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Historians have offered a variety of explanations for Pope Innocent III's release of King John from the promise that he made to observe the clauses of Magna Carta. None has won general acceptance. This article proposes an alternative by examining the tenets of the canon law as it was understood in 1215. That examination shows that the law of oaths (De iureiurando) played a central role in canonistic thought of the time. It contained the juristic resources that made it possible for Innocent to release John from the oath that he had taken at Runnymeade.
What was the source of authority in the Church in Tudor England? This article traces the use of an ancient symbol of the power of metropolitan archbishops, the woollen pallium, between 1533 and 1603. The later Henrician Church saw this garment as a sign of royal supremacy. Under Mary, however, Archbishop Pole made extravagant claims which led the Elizabethan Church to reject earlier Tudor notions of this symbol. Set against the backdrop of the source of episcopal jurisdiction, this article traces the use of the pallium in England in a Church moving from Roman obedience to a Protestant settlement.
Using the example of the Bohemian Franciscan Province, and its Olomouc convent in particular, this paper analyses mendicancy after the Reformation. In the early modern period mendicancy remained an important practice in the Franciscan Order. Apart from its economic function, begging was also an important means of interaction between the friars and the people. It was a complicated exchange of goods and services, which helped the friars to secure their position in society and export elements of their spirituality outside the walls of their convents.
From 1759 to 1773 rulers throughout Europe deemed the Society of Jesus highly dangerous and began moving against it. This article, however, rather than focussing on Jesuit failings, uncovers an alternative story of the popularity enjoyed by the Lazarists, appointed to be the Jesuits’ successors in many important locations. The Lazarists’ ethos and behaviour provided attractive contrasts to the Jesuits, first winning the patronage of European elites in the pre-suppression era. Yet replacing the Jesuits was tricky, imposing novel demands on the Lazarists’ resources. More ominously, the forces which brought down the Jesuits had not gone into full slumber, seriously endangering the Lazarist succession.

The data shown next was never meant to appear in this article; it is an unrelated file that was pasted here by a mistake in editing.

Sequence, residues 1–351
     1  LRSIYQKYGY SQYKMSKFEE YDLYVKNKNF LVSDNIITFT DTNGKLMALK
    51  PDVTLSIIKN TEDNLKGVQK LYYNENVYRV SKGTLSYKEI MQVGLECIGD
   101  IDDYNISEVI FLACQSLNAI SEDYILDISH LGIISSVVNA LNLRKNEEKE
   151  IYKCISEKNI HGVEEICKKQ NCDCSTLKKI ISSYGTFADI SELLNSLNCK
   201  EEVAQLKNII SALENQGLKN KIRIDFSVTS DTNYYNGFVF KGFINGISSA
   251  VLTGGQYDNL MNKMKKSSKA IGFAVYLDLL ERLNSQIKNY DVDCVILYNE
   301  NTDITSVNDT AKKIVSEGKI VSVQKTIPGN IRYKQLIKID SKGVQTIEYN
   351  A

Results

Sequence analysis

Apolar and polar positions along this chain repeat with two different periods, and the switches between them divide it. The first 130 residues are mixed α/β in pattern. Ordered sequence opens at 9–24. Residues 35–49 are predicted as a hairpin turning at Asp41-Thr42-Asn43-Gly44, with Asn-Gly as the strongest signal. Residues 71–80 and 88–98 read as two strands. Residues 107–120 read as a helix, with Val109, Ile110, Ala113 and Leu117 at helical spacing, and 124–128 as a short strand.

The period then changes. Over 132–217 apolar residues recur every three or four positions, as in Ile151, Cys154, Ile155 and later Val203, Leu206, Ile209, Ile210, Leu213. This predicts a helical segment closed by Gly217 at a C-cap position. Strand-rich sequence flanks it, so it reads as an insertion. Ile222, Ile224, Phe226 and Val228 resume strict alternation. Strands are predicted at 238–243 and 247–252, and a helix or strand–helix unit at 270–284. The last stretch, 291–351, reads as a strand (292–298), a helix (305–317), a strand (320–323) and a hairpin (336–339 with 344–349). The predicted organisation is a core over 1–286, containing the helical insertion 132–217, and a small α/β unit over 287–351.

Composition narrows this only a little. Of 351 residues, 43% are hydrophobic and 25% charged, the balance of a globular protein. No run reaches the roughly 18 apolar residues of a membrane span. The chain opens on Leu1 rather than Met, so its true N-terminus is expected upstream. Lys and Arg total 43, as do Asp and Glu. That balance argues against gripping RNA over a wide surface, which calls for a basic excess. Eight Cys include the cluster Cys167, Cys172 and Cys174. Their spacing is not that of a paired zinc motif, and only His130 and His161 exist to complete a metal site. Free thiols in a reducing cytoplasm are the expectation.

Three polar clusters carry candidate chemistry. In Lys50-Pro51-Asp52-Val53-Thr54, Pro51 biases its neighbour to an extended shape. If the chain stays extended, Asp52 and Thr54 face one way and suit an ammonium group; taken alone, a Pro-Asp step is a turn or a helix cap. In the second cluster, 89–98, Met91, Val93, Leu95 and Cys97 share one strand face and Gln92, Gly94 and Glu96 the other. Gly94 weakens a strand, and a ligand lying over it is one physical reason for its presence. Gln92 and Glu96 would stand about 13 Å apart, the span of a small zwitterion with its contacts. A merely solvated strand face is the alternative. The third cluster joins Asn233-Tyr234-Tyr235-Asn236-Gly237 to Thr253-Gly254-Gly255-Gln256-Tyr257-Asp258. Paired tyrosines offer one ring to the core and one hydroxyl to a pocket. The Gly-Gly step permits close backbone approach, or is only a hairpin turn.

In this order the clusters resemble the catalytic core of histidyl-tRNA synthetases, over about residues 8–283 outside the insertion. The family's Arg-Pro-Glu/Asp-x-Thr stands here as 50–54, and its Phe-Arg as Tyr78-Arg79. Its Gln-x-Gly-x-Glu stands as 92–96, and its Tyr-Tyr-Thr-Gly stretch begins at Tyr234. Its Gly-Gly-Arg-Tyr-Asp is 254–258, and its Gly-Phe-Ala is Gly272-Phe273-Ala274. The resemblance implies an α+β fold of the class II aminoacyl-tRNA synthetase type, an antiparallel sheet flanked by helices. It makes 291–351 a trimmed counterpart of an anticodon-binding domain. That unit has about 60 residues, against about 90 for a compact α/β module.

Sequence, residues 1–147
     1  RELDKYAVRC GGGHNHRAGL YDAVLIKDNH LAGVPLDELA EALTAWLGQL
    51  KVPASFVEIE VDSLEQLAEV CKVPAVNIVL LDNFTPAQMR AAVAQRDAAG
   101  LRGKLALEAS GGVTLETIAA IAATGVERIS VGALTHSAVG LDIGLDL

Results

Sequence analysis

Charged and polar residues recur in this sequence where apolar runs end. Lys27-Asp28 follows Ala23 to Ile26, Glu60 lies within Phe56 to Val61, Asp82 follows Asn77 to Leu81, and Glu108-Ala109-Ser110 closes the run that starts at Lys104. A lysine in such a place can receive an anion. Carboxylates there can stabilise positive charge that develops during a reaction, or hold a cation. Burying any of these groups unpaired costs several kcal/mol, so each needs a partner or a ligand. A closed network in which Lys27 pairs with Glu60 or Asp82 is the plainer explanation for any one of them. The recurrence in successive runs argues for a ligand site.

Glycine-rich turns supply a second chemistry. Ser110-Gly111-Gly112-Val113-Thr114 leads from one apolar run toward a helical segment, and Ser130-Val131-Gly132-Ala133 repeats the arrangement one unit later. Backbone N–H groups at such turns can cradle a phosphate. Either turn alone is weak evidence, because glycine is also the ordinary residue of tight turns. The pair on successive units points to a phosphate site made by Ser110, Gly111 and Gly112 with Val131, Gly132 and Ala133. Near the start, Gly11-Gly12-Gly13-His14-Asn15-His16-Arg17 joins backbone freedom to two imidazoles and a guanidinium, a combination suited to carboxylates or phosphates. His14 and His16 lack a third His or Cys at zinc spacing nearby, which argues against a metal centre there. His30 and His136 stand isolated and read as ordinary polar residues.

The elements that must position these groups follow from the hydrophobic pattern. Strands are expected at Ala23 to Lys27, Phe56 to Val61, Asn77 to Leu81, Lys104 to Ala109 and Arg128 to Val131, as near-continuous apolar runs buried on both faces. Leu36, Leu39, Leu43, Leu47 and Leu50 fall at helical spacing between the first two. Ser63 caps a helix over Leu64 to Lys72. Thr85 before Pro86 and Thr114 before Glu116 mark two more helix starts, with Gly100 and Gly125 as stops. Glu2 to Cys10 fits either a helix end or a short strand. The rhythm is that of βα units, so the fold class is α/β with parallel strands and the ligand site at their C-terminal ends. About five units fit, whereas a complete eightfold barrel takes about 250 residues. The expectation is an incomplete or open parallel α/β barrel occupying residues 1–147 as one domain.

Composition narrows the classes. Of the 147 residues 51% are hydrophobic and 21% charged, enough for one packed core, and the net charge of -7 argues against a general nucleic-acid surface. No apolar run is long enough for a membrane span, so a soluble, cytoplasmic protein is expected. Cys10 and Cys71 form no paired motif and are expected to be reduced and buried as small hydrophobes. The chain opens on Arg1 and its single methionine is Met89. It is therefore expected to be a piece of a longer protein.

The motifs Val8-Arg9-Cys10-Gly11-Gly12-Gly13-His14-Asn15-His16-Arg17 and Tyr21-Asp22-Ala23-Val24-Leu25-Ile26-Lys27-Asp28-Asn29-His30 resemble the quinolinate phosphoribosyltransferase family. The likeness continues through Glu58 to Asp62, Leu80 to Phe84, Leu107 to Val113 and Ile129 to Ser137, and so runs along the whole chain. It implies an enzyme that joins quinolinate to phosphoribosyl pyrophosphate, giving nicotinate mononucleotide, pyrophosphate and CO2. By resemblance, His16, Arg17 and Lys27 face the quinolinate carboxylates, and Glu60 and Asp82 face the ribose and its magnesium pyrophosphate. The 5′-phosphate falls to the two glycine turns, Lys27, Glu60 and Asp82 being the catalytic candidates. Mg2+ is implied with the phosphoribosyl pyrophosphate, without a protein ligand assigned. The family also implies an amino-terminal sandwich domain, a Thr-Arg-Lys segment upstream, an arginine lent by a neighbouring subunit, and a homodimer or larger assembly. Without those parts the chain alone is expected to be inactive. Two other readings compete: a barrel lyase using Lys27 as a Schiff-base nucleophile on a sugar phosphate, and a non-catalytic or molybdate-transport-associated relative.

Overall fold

Joseph Milner's ‘History of the Church of Christ’ (1794–1809) was the most popular English-language church history for half a century, yet it remains misunderstood by many historians. This paper argues that Milner's Evangelical interpretation of church history subverted Protestant historiographical norms. By prioritising conversion over doctrinal precision, and celebrating the piety of select medieval Catholics, Milner undermined the historical narratives that undergirded Protestant exceptionalism. As national religious identities became increasingly contested in the 1820s and 1830s, this subversive edge was blunted by publishers who edited the ‘History’ to be less favourable toward pre-Reformation Christianity.
Although the reign of Mary i (1553–8) was a tumultuous and eventful one, for over four hundred years there was little debate about it or about the queen's efforts to restore Catholicism to England. The reign was almost universally perceived as poor, nasty, brutish and short-lived and the restoration of Catholicism was believed to have been doomed to failure, both because the burning of heretics offended English sensibilities and because Protestantism was already so deeply embedded in England that it could not be uprooted. Yet towards the end of the twentieth century, the tectonic plates of historical research began to shift and the resulting tremors altered the historiographical landscape of Mary's reign, and indeed of the English Reformation.